Balsall Heath City Farm is 40 Years Old!
Come and join us in the celebrations on the POSTPONED.
Please be advised that Salma Hamid has resigned as Chair and Trustee of St Paul’s Community Development Trust.
Last week saw the launch of the new Hall Green District Values.
The four core values, developed by staff from The Springfield Children’s Centre and St Paul’s Trust Children’s Centre, represent the way parents, staff and volunteers come together to provide children with the best start in life.
After over 40 years of loyal service to St. Paul’s Community Development Trust as a Trustee and Chair of Board of Trustees, Gill Coffin has decided to retire from her role at St Paul’s at the AGM in October. Having joined the organisation in 1979, Gill went on to be Chair of the Board for most of the following years.
New Partnership Gives Hope to City Farm
St. Paul’s Community Development Trust are happy to announce that following lengthy discussions with a number of organisations agreement has been reached with The Active Wellbeing Society (TAWS) that will secure the long term viability of the Balsall Heath City Farm.
Threatened with closure since December 2018 St. Paul’s have been working with a number of organisations to try to secure the long-term viability of the City Farm. Now agreement has been reached with TAWS which means that the farm which has operated in Balsall Heath for over 40 years will remain open.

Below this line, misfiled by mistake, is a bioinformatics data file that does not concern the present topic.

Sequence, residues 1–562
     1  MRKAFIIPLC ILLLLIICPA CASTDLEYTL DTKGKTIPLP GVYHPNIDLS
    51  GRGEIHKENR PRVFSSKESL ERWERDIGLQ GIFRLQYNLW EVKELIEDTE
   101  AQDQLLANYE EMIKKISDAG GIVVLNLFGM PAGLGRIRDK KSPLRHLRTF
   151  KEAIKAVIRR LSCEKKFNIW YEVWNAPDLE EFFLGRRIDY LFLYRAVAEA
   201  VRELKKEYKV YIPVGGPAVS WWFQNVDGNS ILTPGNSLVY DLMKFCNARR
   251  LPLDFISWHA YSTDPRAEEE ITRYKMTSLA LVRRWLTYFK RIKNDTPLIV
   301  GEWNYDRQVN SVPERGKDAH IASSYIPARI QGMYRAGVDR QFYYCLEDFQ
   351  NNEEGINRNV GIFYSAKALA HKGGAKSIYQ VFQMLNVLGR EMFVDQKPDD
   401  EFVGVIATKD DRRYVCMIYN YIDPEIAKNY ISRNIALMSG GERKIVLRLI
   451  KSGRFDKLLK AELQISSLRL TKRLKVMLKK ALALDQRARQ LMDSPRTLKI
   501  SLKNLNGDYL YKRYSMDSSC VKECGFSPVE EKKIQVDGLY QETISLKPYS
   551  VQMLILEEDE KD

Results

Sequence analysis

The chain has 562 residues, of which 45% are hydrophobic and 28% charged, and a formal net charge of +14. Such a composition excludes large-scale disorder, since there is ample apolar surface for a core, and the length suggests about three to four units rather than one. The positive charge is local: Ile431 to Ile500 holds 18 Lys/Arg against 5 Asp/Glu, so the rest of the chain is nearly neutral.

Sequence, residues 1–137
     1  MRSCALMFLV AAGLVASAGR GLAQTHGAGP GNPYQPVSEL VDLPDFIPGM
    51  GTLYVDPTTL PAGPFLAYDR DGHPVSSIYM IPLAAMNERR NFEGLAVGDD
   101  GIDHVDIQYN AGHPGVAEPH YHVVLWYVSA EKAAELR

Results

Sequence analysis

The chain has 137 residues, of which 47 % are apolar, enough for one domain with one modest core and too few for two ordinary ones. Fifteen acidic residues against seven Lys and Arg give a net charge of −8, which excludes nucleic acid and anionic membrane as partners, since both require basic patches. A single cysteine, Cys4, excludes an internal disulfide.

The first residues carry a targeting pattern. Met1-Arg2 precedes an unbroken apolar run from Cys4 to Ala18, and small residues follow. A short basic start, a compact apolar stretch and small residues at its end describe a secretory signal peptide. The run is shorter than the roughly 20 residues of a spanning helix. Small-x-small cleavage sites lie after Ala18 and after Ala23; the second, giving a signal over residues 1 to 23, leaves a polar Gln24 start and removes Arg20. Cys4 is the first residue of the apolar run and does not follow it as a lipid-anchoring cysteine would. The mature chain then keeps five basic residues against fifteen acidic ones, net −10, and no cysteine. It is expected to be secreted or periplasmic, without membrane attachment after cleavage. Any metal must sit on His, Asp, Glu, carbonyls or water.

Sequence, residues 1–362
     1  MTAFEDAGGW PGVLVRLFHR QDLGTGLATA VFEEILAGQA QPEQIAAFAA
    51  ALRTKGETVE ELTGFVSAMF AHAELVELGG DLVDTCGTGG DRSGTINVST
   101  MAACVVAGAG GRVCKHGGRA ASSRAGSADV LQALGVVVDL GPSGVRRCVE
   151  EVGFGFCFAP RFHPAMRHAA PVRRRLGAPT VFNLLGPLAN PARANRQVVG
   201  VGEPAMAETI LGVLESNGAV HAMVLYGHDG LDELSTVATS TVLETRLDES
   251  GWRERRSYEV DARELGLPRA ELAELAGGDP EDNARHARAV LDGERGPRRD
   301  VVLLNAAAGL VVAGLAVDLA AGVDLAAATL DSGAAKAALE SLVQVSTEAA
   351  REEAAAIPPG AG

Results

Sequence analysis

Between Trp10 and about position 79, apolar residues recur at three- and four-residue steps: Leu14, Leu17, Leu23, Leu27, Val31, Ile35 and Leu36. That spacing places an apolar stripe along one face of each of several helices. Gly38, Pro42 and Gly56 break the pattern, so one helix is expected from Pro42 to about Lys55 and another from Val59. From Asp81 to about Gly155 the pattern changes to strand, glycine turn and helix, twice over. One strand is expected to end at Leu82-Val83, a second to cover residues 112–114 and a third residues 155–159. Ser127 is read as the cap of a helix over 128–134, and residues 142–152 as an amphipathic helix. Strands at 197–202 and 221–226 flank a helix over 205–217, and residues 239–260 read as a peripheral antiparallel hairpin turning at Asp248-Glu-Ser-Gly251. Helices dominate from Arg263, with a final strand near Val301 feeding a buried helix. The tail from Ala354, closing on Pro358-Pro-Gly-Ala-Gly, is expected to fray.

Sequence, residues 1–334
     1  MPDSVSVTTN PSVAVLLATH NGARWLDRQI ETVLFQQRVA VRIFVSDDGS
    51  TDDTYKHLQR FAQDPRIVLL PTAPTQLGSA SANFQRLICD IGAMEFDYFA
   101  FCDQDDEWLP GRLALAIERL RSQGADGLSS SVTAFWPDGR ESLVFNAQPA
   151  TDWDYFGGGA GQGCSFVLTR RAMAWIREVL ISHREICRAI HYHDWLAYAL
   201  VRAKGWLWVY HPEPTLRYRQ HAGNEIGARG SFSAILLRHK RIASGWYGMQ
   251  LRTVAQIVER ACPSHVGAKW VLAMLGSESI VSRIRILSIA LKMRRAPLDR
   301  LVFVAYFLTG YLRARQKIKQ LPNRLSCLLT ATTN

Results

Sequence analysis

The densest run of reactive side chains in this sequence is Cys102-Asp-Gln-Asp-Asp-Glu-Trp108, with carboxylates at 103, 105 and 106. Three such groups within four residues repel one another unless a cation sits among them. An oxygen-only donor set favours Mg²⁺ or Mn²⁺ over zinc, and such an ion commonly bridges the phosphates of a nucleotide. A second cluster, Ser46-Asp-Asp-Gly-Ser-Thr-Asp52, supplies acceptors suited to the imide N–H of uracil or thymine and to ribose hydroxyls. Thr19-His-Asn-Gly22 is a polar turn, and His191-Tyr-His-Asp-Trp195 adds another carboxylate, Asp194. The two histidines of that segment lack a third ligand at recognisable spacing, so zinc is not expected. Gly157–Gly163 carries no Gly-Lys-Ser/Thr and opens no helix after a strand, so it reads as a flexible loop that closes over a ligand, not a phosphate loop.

St. Barnabas Nursery has been a part of the St Paul’s nursery provision for 11 years. The service that the team have provided to children and parents has always been excellent and a real credit to St. Paul’s.
In December 2018 Trustees of St Paul’s carried out a review of the organisations’ business activity and took a decision based on financial considerations to dispose of St Barnabas nursery. This was a very difficult decision but made easier as the manager of the setting Noreen Khan proposed that she take over the business under a new company. Trustees accepted this proposal.
Balsall Heath City Farm is set to close by the end of March, unless new money can be raised to support it.
Set up by a group of residents in 1980, with just a few chickens, the farm now includes sheep, goats, rabbits, ducks, geese and turkeys. The Farm costs some £55,000 a year to run, and its parent body, St Paul’s Community Development Trust, says it can no longer afford to keep it open.
The farm is enjoyed by local children and their families, providing close up access to animals in one of Birmingham’s most deprived neighbourhoods. Visitors who came as children now bring their own little ones down to see the 50 animals that live on the Farm. Others come as volunteers to help feed the animals and grow flowers and vegetables. Entrance to the farm has always been free, but staff also run educational visits for nurseries, schools and other groups.